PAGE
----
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No More SATs! Pupils Strike to Cancel ‘Stressful’ Exam


A wave of anger is visible among parents whose children are protesting against the toughening SATs examination, leaving them stressed and under fear all the time.

The parents expressed that the SATs testing system is bringing the children into a state of anxiety out of their fear of being tagged as failures at an early age of six. They have unveiled their plans to take their children out of school on Monday and commence a “kids’ strike.” This is a protest against the rising difficulty level of the examination and a pressure to let the ministers soften the new reading and Mathematics exams scheduled on Wednesday.

Emily Campbell, a mother of a six-year-old boy studying at Cheltenham’s Christ Church school, said that she realised the children were being made to overwork at schools to rank high at SATs. “My son will take his SATs next year and if I felt he was being overworked I would definitely consider taking him out of school for the day,” she said as quoted by Gloucester Echo.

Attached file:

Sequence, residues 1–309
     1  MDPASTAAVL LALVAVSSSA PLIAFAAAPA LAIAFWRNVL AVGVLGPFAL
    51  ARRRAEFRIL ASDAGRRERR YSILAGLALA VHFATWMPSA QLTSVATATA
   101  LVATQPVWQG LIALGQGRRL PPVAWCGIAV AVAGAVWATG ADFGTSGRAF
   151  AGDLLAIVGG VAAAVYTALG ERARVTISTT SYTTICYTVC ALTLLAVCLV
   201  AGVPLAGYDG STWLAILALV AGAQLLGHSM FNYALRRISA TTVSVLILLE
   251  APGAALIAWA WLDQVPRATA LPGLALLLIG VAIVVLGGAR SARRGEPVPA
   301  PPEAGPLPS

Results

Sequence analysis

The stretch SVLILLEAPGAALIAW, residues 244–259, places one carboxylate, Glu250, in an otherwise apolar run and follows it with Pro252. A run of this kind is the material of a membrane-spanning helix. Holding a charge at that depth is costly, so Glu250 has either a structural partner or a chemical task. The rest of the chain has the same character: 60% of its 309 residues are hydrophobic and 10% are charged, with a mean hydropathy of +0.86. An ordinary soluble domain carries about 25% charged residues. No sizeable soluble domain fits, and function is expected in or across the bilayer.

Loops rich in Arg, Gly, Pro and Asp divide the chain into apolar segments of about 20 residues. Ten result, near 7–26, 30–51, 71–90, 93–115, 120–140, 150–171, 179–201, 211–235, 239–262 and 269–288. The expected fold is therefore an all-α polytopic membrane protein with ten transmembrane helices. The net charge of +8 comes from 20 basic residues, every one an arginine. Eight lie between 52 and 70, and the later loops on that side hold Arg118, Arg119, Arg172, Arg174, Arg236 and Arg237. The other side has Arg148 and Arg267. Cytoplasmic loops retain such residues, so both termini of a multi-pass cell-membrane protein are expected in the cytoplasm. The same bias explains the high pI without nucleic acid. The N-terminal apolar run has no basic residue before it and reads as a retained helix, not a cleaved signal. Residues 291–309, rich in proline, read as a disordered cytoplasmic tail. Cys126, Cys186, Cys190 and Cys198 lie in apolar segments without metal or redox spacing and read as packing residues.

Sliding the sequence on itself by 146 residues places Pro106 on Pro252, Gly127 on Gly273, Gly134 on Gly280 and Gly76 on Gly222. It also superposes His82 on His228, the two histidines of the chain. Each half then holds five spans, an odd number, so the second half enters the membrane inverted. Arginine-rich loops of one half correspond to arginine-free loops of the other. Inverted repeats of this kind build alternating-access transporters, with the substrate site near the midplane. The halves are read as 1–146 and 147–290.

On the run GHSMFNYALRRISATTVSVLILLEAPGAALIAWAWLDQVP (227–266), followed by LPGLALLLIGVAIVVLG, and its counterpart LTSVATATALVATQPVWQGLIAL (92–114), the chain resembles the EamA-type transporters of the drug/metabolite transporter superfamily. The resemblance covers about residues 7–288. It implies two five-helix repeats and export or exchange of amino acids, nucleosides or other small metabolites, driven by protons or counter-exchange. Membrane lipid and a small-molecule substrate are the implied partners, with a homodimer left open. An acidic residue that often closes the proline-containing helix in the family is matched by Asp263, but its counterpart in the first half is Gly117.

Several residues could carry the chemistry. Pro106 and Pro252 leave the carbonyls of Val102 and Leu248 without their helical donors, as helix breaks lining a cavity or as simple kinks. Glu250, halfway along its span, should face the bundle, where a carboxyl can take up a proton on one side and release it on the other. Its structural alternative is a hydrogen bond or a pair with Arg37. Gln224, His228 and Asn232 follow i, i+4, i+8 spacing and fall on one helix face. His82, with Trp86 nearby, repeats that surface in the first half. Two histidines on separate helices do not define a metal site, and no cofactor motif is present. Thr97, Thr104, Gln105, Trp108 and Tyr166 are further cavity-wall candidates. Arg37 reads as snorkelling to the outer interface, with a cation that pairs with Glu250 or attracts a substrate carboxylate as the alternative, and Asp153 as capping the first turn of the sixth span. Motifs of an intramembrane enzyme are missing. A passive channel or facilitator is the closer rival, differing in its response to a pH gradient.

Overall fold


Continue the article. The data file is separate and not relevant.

“A more holistic approach is needed when measuring a school’s standards. I think an inspection similar to what we have currently with OFSTED would be better suited as this could look at how geared lessons are for children and how engaged they are.”

Mirror UK reported that a petition for the protest against the SATs system has been supported by over 30,000 people. Let Our Kids Be Kids campaigners wrote a letter to Education Secretary Nicky Morgan, warning the SATs examiners of creating tests that are beyond the capabilities of six or seven-year-old children. “It is time for us to speak. We’re not convinced you’ll listen to words so, to make it very clear how strongly we feel, we are also planning a day of action with a kids’ strike on May 3,” the letter said.

The Education Department, on the other hand, stated that the tests are taken to identify the fields where teachers need to give special care to the kids. This way, the schools ensure kids passing out with the “basics of literacy and numeracy.”

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